On this page, Tony summarizes the Indiana False Claims Act. Tony Munter is not an Indiana False Claims Act lawyer. He is not licensed to practice in Indiana.
Enacted in 2005, the Indiana False Claims Act is a particularly strong False Claims Act. That is because the Indiana law offers a strong and expansive definition of a claim.
Ind. Code §§5-11-5.5 et seq does not limit liability for actions regarding Medicaid funding, as several other state False Claims Acts do. Rather, in Indiana, any kind of fraud which impacts Indiana state funds is the proper subject of an action under this law.
Indiana FCA is Similar to Federal FCA
The Indiana law is similar to federal FCA law in most important respects. Defendants face liability for triple damages and civil fines, as is the case in the federal False Claims Act. Procedurally, the Indiana law provides concurrent jurisdiction to the Indiana Attorney General and the Indiana Inspector General to investigate these claims.
There are a few differences which probably don’t make a huge difference—for example, the Indiana False Claims Act has an initial seal period of 120 days as opposed to the federal law, which has an initial seal period of 60 days. Since both statutes allow for an extension of the seal based upon a showing of good cause, the amount of time a case may be kept under seal could be much more than either of those periods of time.
Liability in Indiana FCA Cases
Liability for false claims under this law appears to be limited solely to cases involving Indiana state funds. A few states fall into this category of False Claims Acts, in that they do not afford the local communities or the cities a chance to recover funds or have plaintiffs sue on behalf of funds lost to fraud by cities and towns within their jurisdiction.
While it is always possible for an individual city or town to have its own False Claims Act, the practical difficulties of pursuing matters on a town-by-town basis make it difficult to know how to proceed. Having said that, this law is relatively strong and affords Indiana ample opportunity to participate in nationwide prosecutions of Medicare or Medicaid cases, as well as to let citizens bring cases involving fraud against the state itself.
The Indiana Attorney General’s office provides helpful information about the federal and state law and certainly takes an encouraging public posture towards whistleblowers. The state’s website states:
“Medicaid fraud can be exposed and stopped if employees are willing to step forward and report it to the authorities. Becoming a whistleblower to help combat fraud takes courage. Workers who know about fraud might be understandably reluctant to report it out of fear of job retaliation, long-term financial consequences or difficulty in finding new employment elsewhere. Fortunately, the law is on the whistleblower’s side.”
It is a hopeful thing to see an Attorney General’s office both encouraging whistleblowers and citing the law to support whistleblowers. We don’t see enough of that throughout the country.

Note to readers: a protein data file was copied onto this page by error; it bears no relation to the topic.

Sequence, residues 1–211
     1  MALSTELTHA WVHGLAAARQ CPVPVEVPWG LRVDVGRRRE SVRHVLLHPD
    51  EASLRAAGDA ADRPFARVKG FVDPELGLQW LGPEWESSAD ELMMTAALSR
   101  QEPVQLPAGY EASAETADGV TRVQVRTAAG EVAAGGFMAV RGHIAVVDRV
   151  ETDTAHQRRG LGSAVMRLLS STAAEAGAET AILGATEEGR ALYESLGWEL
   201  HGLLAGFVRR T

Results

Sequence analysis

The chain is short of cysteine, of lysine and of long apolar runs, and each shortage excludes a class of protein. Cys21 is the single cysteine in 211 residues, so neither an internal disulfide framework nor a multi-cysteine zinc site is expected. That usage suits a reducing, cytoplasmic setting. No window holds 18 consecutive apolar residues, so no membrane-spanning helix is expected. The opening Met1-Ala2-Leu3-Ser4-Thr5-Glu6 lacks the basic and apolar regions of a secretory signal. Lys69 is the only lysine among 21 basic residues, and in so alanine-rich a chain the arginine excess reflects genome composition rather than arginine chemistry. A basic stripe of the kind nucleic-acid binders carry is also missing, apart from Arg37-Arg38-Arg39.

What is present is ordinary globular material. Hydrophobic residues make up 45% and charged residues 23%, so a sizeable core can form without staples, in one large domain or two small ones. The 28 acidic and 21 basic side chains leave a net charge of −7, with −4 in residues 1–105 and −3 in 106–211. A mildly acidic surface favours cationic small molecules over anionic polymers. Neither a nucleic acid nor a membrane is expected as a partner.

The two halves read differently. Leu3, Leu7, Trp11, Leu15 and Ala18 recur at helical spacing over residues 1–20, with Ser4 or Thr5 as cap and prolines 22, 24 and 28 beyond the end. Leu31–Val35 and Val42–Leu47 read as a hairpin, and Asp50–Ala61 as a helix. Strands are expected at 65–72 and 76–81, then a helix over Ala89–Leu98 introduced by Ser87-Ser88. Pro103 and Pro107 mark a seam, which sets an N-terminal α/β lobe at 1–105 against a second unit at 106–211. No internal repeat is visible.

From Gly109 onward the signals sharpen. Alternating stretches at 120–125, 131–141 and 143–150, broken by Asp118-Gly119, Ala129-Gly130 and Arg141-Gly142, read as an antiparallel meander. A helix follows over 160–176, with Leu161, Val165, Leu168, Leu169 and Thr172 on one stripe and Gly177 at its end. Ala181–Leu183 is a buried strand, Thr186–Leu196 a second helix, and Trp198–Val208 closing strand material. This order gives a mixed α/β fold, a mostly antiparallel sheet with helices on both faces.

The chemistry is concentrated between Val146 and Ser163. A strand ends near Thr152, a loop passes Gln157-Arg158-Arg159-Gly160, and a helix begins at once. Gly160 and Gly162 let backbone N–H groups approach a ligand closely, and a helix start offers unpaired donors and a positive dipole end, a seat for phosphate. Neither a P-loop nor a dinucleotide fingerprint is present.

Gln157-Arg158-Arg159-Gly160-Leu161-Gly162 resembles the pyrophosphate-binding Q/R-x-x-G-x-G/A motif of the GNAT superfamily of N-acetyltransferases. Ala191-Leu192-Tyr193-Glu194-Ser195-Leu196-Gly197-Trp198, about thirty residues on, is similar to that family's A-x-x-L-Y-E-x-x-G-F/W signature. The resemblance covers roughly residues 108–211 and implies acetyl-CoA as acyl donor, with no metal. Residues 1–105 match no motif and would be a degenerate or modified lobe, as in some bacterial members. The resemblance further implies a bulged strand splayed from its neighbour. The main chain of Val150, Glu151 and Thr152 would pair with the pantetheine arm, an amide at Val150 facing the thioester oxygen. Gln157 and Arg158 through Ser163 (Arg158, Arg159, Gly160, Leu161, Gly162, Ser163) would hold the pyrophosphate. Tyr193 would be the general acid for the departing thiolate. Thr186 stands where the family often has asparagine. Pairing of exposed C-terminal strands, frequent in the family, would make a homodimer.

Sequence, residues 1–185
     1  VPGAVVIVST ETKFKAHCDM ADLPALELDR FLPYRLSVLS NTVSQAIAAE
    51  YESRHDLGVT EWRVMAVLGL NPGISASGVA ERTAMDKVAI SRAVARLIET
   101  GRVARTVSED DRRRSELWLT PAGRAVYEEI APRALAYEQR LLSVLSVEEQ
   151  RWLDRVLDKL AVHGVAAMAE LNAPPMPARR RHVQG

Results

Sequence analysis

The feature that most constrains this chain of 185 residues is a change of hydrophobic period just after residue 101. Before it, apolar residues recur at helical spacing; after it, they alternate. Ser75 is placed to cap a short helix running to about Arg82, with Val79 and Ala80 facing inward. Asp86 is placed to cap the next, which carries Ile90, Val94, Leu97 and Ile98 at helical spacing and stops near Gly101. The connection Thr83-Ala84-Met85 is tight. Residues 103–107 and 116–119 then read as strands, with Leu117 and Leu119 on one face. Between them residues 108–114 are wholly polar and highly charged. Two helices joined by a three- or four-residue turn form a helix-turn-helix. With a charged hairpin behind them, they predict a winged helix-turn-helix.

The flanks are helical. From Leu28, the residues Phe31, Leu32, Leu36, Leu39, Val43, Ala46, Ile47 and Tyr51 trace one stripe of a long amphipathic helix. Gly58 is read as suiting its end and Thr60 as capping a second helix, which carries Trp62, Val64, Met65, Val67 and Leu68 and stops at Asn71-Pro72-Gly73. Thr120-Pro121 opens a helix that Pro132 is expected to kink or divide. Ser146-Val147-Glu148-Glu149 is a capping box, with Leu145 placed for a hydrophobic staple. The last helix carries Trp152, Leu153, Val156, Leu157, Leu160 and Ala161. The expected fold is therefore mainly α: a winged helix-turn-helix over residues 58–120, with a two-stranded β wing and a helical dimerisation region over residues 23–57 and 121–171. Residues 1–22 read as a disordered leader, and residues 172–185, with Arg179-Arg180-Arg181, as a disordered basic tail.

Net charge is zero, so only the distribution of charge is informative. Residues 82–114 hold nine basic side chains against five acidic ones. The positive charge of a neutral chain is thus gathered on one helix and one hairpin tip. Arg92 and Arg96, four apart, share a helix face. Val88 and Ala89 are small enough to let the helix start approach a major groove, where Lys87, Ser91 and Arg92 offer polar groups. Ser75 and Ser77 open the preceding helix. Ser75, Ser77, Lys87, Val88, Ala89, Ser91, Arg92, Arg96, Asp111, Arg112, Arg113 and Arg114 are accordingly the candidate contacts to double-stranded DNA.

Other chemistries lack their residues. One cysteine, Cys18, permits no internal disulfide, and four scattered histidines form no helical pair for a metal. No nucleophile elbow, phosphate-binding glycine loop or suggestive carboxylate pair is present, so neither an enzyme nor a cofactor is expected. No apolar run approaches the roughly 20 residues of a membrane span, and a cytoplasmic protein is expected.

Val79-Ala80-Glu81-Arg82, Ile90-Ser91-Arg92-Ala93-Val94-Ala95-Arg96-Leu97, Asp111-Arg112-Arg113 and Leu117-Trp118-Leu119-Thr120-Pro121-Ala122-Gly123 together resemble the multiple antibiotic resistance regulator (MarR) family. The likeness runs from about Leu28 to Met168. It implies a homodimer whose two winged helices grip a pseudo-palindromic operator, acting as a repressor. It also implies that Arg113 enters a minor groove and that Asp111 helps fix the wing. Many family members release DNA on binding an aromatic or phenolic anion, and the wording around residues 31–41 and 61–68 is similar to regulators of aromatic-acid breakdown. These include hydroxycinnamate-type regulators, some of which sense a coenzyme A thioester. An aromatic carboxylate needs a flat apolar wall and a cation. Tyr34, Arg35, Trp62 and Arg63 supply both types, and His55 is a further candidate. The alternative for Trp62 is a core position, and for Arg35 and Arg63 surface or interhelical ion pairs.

The website says whistleblowers can expect rewards of 10 percent to 30 percent. I’m not here to pick a fight with the Attorney General, but I think that is a conservative estimate of what is contained in the law. The law generally provides for a minimum of 15 percent in an action intervened by the Attorney General or Inspector General, and a maximum of 30 percent if not intervened, which is similar to federal law.
Those amounts can be reduced to “not more than 10 percent” under some pretty specific circumstances:
If the attorney general or the inspector general intervened in the action and the court finds that the evidence used to prosecute the action consisted primarily of specific information contained in: (A) a transcript of a criminal, a civil, or an administrative hearing; (B) a legislative, an administrative, or another public report, hearing, audit, or investigation; or (C) a news media report; the person is entitled to receive not more than ten percent (10%) of the proceeds of the action or settlement, plus reasonable attorney’s fees and an amount to cover the expenses and costs of bringing the action. See IC 5-11-5.5-6.
This adds to procedures and requirements generally addressed under the federal law as part of what is called the “public disclosure bar.” The federal law was amended to allow the Attorney General to effectively waive the public disclosure bar and both laws include provisions for what is called an “original source” under the federal law. If a case survives that analysis, either as not including a public disclosure in the first place or it is brought by an original source, under the federal law the whistleblower is entitled to the rewards.
The Indiana False Claims Act has slightly different wording and criteria and does seem to allow the judge presiding over the matter to make a determination to reduce the whistleblower’s reward on the basis of relying on public information. We will all just have to watch and see how this plays out in Indiana cases in the future.
Having said all that, the Indiana law appears to reward whistleblowers virtually the same way as the federal law, with 15 percent to 30 percent of a successful case’s outcome. We’ll be watching to see how things play out under this relatively new law.